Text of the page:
We Don’t Steal Art We Just Remix It

As a kid, the cartoons that I consumed every Saturday were impossibly perfect. Every cartoon possessed near flawless logic in my young mind. Sure, when Raphael put on a trench coat and walked around New York it did nothing to hide that he was a giant talking turtle. In fact, now that I think about it, the trench coat probably made it worse. None of that matters though, I was a kid and all was good in the world. Inevitably, as I grew into an Internet crazed, caffeine powered man-child; I began to have questions about those same Saturday morning animated wonders. Why were Green Arrow and Hawkeye essentially the same person? Were He-Man and Lion-O related or something? I was late into my teens by the time that I realized that Gobots and Transformers were not the same cartoon, and by then it was too late.

The more I noticed the similarities between my favorite cartoons, the more that common threads began to weave themselves through every aspect of popular culture. As social media grew, so did the culture of reproduction. Now, more than ever, artists are borrowing, swapping and altering preexisting work and making it their own through social media. Some might call it stealing, but the Internet calls it remixing, and here is why social media has made it possible.

It Is Easy To Call Someone Out

Nothing on the Internet can stay hidden. If an artist commits blatant theft of someone else’s work, the original artist will surely find out. If you are posting on Facebook or Tumblr the chances of no one picking up on your theft are slim. What better way to avoid an angry copyright holder than to remix it? Taking ideas from someone else’s work is completely normal. It has been going on for decades in television, film and animation, the Internet just made it blatantly obvious.

Everyone Already Does It

Have you ever noticed that the majority of movie posters look exactly the same? Oh, you didn’t? Well, the good news is I have compiled my favorite movie poster trend known as the composite or shattering face below.

No one can truly say that they are the originator of an idea. The last person who could claim that was the guy who invented the wheel, and he probably got the idea after seeing a Velociraptor on a Segway.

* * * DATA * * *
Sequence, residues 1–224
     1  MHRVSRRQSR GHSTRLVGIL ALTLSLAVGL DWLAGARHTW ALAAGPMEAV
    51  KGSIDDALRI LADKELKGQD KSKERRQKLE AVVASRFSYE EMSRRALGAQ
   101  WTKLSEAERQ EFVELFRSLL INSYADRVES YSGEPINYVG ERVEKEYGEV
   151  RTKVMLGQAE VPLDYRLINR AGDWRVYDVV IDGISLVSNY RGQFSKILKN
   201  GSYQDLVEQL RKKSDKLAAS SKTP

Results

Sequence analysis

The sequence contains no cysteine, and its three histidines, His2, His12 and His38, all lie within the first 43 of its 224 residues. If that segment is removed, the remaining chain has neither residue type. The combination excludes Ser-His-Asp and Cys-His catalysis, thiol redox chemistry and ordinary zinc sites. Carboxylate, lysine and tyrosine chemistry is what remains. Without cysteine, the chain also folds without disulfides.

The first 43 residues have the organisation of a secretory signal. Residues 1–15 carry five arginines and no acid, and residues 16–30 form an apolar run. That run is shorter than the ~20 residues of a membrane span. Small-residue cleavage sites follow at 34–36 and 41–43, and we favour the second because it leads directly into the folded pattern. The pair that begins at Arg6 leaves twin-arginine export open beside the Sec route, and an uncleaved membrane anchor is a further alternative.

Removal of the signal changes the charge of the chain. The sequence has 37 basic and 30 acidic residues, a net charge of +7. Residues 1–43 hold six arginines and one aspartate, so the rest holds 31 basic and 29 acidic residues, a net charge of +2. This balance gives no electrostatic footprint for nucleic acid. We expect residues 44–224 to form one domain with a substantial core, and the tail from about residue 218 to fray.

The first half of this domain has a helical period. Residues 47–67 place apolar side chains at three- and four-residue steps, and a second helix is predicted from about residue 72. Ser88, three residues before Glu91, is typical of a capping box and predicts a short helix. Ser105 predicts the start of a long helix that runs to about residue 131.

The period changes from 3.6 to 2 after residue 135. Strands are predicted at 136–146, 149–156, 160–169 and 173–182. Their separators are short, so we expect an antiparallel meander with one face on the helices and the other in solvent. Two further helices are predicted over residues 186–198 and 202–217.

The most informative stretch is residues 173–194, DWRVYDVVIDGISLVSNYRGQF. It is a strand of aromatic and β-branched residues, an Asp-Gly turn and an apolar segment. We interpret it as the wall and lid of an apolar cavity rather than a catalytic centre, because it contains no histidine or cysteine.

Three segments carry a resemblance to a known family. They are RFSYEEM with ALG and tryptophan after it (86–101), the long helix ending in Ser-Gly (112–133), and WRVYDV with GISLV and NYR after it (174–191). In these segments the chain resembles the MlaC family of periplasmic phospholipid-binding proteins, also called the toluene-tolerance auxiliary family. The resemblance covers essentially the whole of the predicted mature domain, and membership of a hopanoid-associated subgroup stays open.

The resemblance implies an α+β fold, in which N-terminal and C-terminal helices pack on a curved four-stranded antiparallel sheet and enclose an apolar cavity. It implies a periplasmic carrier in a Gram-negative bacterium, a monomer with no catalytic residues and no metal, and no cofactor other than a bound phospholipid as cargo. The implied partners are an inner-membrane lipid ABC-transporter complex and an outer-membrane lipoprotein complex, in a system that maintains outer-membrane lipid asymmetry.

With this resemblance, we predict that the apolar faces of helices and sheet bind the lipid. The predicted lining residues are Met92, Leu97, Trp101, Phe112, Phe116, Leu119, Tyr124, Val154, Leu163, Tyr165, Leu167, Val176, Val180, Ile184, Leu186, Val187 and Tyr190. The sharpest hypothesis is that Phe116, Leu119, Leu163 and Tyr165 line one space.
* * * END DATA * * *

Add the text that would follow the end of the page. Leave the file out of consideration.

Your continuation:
Giving Credit Is Simple

Giving credit to the original creator is easier than ever with social media. All it takes now, is a quick hyperlink and a short summary of what inspired you. Chances are, that if whatever you are remixing is popular enough, people will not interpret it as your original content. Go ahead and check out Nyan Cat and you will see what I am talking about.

Celebrities Like It So It Must Be Okay

Rainn Wilson and Joseph Gordon-Levitt have both recently started sites that not only feature remixing but actually encourage it. Wilson’s site, Soul Pancake asks users to discuss and create new topics and build on one another’s ideas. HitRecord is a site dedicated strictly to the art of remixing. Users can submit anything from poems to art and upon upload, agree to let their work be adopted and mixed in any way. Gordon-Levitt is the creator of HitRecord and also the reason the California Angels won the Pennant in 1994.

NMR Gets Remixed

After publishing our interview with the guys behind Smosh, tons of Tumblr users decide to remix some of the photos that accompanied the interview. Thanks to all the Smosh fans for the great remixes, we thought, in the spirit of this article we would include some of our favorite edits.

 

 

 

 

 

 

 

 

 

 

 

 

 

 

 

 

 

 

 

 

 

 

 

 

 

 

 

 

 

 

 

 

 

 

 

 

 

 

 

 

 

 

 

 

 

 

 

 

 

 

 

 

 

 

 

 

 

 

 

 

 

 

 

 

 

 

 

 

 

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